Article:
Friday, February 20, 2015

Week 6: Day 20: MITHER'S WORK

Mithers Work
Week 7
"A' mithers go to work"
("All mothers are working mothers")
Neil Wilson Publishing (May 31, 2011)]

Mother's Work is never done, is it? This Scottish saying is a good reminder of how much work our ancestral mothers had to do.

For my Scots Do-Over, I felt it was important to focus as much on the women in my tree as the men. When I took a course in Scottish genealogy, I was told that women often went by their maiden name for their whole life. I did notice that when I was given the actual photograph of the gravestone in Dalbeattie and when I learned to use genealogy software, I discovered that using the surname of women really took the sting out of being known as wife of "man's surname". 

When given the copies of the photographs of John Broadfoot and his wives Jane Hannah and Helen Tait, I made sure they were always referred as their full and whole name. With so many repeating first names, it is easy to confuse the children's with the first names of the grandparents. 

Women in my ancestral line were traditional "stay at home" mothers after their marriage. With so many children and a vegetable garden to tend, I guess they certainly were working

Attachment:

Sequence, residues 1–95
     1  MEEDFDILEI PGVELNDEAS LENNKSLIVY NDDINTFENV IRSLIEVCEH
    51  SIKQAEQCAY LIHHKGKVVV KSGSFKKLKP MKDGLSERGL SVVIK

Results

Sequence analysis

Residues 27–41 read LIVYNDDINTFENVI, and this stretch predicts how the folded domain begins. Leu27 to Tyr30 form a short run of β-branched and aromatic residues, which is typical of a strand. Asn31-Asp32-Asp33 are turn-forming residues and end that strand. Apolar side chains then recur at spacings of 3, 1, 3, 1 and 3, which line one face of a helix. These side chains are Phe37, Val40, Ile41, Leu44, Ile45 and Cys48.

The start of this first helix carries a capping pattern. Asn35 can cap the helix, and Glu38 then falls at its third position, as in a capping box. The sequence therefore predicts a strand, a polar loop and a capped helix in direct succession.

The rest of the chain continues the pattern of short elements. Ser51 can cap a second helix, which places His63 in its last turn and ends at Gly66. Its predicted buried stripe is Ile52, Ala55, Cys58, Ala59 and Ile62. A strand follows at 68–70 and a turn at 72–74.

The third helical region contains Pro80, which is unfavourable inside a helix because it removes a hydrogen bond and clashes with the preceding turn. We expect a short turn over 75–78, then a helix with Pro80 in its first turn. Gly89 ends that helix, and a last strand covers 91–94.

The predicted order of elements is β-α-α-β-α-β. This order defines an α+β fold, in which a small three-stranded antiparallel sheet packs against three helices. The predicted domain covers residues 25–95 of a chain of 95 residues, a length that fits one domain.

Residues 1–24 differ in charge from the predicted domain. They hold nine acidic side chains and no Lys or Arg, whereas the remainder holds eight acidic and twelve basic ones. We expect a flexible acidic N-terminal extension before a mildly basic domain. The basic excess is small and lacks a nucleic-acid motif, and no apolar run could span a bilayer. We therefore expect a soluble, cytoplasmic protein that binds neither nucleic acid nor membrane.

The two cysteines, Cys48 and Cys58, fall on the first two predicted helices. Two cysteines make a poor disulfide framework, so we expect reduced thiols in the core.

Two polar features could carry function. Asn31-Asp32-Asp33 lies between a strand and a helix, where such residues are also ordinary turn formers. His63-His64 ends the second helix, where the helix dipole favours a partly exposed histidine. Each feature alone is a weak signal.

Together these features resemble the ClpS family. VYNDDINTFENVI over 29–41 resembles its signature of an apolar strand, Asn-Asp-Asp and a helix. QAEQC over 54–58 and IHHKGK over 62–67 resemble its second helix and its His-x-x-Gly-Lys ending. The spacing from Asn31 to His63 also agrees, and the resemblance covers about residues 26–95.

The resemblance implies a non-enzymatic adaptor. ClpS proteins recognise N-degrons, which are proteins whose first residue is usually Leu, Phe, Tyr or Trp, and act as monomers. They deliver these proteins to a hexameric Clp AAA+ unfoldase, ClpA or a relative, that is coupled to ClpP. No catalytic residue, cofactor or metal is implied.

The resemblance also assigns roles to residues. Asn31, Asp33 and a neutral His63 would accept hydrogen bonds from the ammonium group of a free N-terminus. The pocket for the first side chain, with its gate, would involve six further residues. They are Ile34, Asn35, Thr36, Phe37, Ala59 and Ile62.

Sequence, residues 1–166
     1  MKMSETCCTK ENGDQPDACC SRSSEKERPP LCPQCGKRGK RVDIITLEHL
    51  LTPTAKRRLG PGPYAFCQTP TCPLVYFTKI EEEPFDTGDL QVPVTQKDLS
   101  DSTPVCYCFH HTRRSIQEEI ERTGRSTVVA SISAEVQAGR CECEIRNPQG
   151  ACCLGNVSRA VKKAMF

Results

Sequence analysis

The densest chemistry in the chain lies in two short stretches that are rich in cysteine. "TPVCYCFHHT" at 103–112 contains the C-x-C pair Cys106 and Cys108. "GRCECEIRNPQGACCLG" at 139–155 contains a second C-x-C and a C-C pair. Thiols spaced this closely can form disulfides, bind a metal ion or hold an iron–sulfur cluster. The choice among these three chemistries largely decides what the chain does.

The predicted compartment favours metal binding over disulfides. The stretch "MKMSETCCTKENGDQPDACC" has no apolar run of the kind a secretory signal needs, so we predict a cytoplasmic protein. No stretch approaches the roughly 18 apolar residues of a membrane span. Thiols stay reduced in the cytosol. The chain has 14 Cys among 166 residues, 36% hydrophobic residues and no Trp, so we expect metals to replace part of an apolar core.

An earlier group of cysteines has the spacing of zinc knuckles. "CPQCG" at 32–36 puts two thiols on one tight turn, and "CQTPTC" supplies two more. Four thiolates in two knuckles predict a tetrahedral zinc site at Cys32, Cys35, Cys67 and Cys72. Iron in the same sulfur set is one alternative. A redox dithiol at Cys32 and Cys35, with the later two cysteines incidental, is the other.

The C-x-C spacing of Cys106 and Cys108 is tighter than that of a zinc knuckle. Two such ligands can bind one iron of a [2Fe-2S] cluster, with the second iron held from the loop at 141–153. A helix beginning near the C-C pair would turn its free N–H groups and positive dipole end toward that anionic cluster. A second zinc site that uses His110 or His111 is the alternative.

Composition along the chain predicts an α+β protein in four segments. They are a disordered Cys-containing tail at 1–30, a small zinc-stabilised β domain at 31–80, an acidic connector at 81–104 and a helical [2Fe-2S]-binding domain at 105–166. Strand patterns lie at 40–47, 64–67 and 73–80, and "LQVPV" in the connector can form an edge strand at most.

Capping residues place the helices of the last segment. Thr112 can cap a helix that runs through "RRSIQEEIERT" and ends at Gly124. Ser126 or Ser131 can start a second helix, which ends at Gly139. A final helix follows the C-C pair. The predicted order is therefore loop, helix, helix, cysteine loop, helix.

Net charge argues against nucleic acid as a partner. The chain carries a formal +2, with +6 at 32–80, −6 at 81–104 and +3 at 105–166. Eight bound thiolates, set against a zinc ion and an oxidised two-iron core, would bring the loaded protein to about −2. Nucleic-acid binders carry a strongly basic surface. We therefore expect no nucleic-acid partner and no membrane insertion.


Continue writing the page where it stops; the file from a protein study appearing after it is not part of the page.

But, much to my surprise, many of the women worked outside the home or took care of aged family members, BEFORE they married and some were teenagers.

For the do-over this week, Thomas MacEntee has asks us to report on our genealogy software applications. I keep a public tree at and export my data to RootsMagic because I can use that in conjunction with my Mac until there is a stand alone Mac version. I am a dual platform user (both Windows and Mac) at the moment but I will be moving to the Mac platform eventually. I also use Legacy Family Tree. I like their reports.

I own three scanners. One flatbed will sheet feed and the other is a printer-scanner that is terrific. I own a Flip-Pal for portable scanning. It is really amazing. The stitching software pieced together a scan of my Scot grandfather's naturalization papers perfectly. After all, he is the Scot that came to America and gave up his connection to the old country.

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